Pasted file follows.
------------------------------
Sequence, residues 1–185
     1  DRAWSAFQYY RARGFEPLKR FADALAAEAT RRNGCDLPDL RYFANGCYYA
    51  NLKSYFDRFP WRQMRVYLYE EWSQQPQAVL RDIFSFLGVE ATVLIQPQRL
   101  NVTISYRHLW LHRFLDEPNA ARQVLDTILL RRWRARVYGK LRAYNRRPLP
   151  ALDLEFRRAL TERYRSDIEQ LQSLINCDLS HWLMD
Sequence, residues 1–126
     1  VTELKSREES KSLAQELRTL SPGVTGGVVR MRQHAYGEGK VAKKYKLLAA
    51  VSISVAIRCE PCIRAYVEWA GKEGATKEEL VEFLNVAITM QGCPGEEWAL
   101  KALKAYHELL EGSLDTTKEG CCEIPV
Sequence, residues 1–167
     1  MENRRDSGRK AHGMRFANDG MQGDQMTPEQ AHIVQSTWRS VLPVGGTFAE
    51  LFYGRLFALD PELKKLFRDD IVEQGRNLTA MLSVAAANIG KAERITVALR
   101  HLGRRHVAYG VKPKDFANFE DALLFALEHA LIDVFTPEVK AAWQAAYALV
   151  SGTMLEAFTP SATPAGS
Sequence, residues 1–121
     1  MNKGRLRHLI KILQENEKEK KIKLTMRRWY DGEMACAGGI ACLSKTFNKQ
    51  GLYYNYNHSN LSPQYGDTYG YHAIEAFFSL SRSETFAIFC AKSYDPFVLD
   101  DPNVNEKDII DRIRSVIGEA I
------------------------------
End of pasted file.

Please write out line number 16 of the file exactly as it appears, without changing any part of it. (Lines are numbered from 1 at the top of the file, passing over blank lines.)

     1  MNKGRLRHLI KILQENEKEK KIKLTMRRWY DGEMACAGGI ACLSKTFNKQ